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How To Write Tests for Your Kubernetes Operator | by Léo Vincent | Aug, 2022


Kubernetes operator 101

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Fig 1. Photography by Garrett Parker on Unsplash

In my previous article, I showed how to build a Kubernetes operator in about ten minutes. I’ve also described the functioning of an operator, the custom resource definition and custom resources, the controllers, and the manager. If you want to learn more about these concepts, I highly recommend you read the article.

But now it’s time to write some tests to use our operator in production! It’s a subject in its own right that is less complicated than it seems. Most people don’t like writing tests, but they are necessary. They help to improve code quality, detect bugs, and save time and money. So, let’s do some testing!

Table of ContentsThe Different Types of TestsPractical work
1. Set Up Your Environment
2. Some Context on the Operator
3. Unit Tests
4. Integration Tests
To go further

There are three major types of testing in software development: unit, integration, and end-to-end testing. It is even more complex than that in theory, but it gives an idea of what we’ll see in this article.

  • Unit tests are used to test small pieces of code, for example, methods or functions.
  • Integration tests are used to test the integration of the different parts of an application. For example, the functioning of an operator in a Kubernetes environment with an API server and other resources.
  • End-to-end tests aim to simulate a user’s step-by-step experience. They should cover the main functionalities of the application.

In the practical work that follows, we’ll see how to write unit tests in Go as well as integration tests for Kubernetes controllers. It’s interesting, you’ll see!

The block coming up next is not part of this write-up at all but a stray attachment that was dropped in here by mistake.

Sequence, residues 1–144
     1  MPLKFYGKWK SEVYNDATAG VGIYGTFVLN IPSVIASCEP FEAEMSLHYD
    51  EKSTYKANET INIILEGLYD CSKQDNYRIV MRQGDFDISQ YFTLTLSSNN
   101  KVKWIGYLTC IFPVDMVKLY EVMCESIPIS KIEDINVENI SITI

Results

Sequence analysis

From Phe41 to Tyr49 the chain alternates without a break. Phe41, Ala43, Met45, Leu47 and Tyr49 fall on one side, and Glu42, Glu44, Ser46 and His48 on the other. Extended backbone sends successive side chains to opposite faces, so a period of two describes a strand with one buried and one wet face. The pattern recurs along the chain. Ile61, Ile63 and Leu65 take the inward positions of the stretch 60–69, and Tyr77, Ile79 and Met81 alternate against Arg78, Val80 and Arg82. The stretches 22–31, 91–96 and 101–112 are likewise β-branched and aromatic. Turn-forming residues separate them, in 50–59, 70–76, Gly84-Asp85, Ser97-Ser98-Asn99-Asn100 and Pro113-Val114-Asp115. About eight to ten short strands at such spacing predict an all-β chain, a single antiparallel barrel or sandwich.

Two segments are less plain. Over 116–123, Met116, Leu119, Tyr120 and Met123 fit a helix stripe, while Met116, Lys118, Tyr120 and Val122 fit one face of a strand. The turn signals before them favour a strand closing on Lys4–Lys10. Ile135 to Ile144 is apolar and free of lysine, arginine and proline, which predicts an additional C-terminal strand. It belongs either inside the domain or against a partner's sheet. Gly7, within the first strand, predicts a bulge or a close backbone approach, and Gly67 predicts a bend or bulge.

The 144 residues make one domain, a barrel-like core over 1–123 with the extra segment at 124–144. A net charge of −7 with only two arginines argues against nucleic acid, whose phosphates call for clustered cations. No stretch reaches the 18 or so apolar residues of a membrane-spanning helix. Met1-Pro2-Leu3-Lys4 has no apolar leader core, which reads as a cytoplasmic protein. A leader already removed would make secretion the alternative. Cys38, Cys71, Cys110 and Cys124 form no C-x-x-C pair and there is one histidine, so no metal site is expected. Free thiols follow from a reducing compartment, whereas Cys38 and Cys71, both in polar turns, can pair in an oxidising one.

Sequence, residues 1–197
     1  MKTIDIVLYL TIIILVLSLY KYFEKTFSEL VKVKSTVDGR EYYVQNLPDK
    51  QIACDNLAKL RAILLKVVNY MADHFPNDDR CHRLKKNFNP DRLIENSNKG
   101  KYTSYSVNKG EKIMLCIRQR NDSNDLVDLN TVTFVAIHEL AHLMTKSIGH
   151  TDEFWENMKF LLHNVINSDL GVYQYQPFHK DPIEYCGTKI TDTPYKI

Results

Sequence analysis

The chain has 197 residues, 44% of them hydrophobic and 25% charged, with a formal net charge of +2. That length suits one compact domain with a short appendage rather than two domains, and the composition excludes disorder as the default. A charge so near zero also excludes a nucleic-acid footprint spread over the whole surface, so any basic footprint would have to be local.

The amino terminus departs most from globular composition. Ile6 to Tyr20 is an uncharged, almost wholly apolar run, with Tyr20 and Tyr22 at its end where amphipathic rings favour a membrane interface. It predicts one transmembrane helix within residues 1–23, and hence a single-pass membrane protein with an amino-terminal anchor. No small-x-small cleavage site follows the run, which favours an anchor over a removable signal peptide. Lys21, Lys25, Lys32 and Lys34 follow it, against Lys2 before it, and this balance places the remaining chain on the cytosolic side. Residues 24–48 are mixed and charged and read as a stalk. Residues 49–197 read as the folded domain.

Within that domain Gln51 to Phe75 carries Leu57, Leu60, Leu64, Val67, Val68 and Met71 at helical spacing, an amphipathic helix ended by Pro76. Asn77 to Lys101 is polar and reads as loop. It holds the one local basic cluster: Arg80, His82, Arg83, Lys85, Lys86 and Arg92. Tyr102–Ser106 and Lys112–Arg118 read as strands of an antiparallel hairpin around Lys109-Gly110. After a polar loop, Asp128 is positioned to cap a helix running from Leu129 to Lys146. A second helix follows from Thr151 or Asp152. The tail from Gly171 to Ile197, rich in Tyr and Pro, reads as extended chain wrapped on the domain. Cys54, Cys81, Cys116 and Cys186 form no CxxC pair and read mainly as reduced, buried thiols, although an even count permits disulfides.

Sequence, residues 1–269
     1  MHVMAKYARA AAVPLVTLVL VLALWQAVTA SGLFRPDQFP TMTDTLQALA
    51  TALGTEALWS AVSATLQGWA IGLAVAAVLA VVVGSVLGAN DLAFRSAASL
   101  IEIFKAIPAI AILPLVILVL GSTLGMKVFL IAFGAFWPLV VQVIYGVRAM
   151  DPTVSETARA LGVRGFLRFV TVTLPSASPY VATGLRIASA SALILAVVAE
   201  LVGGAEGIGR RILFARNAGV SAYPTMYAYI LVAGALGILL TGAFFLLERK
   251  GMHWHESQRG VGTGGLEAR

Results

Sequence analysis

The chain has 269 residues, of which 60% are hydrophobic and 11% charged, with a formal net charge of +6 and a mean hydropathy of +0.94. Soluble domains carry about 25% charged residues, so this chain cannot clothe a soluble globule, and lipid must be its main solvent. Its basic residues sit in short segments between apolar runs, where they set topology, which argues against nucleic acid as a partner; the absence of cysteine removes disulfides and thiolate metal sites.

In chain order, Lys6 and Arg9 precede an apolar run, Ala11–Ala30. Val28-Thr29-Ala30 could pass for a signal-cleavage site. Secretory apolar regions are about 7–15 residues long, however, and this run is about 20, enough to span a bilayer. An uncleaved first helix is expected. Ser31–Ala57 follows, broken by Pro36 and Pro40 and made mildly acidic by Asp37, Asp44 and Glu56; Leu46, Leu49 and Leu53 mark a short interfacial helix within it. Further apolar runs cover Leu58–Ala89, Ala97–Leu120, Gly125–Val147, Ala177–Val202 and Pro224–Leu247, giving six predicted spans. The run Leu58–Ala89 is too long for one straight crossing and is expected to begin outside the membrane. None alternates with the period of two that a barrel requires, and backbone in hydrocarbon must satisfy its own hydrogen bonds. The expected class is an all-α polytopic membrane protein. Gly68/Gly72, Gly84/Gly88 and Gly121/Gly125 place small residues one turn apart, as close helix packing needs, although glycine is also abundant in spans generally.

1. Set up your environment

I choose to use the Kubebuilder framework to build Kubernetes operators. It’s very easy to use, the documentation is easy to read, and it’s a battle-tested product. It’s one of the two most popular Go frameworks to build operators, along with OperatorSDK.

I assume you already have the necessary tools to design an operator (go, docker, kubectl, kubebuilder and a small local Kubernetes cluster). But if this is not the case, I strongly recommend that you follow the following installation steps so that you can follow along with me during this tutorial.

To focus only on the testing part, I have prepared a simple Kubernetes operator, designed with Kubebuilder. This practical work will be to write tests to validate that the operator’s code meets our expectations and ensure that it does not contain any bugs. I’m going to ask you to clone the project and move to the operator-v2 branch so we all start from the same base.

$ git clone git@github.com:leovct/kubernetes-operator-tutorial.git
$ cd kubernetes-operator-tutorial
$ git checkout operator-v2
$ git pull origin operator-v2

If you try to run tests, you’ll see that the coverage equals 0%. Indeed, we haven’t written any tests yet! But this is going to change!

$ make test
mkdir -p /Users/leovct/Documents/tutorial/bin